“Our missions worldwide are advised accordingly,” he said, explaining that visas to enter Myanmar would not be issued to the mission’s appointees or staff.
Ah, yes, how human rights-y of her, refusing to allow people investigating ethnic cleansing charges into the country to investigate them. Suu Kyi’s explanation for this is that investigating the Rohingya problem would make it worse, somehow.
Well, OK, we knew Suu Kyi was useless when it comes to protecting the Rohingya. But surely she’s done better championing human rights in other areas, right? Well, funny you should ask:
The Burmese army arrested and filed charges against three local journalists this week, sending shock waves through the Burmese press corps.
The country is still emerging from decades of military rule, and journalists remain uncertain of what can be safely reported. They are also unsure how much backing they will receive from Burma’s democratically elected leaders. The government, led by the National League for Democracy party of Nobel Peace Prize laureate Aung San Suu Kyi, has been slow to condemn this and other infringements on media freedom since taking power last year.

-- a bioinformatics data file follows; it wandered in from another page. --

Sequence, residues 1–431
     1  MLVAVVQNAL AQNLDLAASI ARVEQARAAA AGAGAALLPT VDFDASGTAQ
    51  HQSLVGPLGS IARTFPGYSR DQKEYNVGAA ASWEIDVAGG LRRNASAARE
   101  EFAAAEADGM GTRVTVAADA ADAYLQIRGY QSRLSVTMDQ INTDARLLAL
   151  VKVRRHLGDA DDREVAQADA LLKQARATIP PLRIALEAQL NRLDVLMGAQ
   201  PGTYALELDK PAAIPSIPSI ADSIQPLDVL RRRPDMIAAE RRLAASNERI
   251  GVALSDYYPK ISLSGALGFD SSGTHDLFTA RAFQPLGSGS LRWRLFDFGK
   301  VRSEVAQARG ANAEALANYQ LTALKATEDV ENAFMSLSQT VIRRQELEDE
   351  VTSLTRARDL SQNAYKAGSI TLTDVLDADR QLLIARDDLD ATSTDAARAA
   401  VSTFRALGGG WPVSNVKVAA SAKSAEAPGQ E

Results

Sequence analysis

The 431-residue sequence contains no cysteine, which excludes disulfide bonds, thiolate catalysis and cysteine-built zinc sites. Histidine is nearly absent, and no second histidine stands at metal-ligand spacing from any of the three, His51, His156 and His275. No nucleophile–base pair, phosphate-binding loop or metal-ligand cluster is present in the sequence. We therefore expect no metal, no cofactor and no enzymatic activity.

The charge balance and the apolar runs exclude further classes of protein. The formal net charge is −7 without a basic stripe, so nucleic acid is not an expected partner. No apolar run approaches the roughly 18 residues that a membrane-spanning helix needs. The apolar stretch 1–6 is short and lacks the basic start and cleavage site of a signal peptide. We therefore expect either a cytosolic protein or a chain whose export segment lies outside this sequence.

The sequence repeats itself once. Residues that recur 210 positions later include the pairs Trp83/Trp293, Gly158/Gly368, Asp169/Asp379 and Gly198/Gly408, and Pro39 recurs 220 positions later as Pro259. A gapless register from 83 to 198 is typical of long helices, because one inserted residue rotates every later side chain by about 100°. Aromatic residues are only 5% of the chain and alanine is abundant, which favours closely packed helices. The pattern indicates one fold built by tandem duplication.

What makes Suu Kyi’s silence so especially deafening in this case is that, back when she was a jailed political dissident who professed a genuine concern for human rights, it was the Myanmar media that credulously sold what now appears to have been an elaborate con job to the rest of the world. Suu Kyi wouldn’t be running Myanmar today if she hadn’t been made the central figure of the political resistance to military rule. And now that she is running the country, she’s colluding with the same military that imprisoned her and oppressed her country for almost 50 years.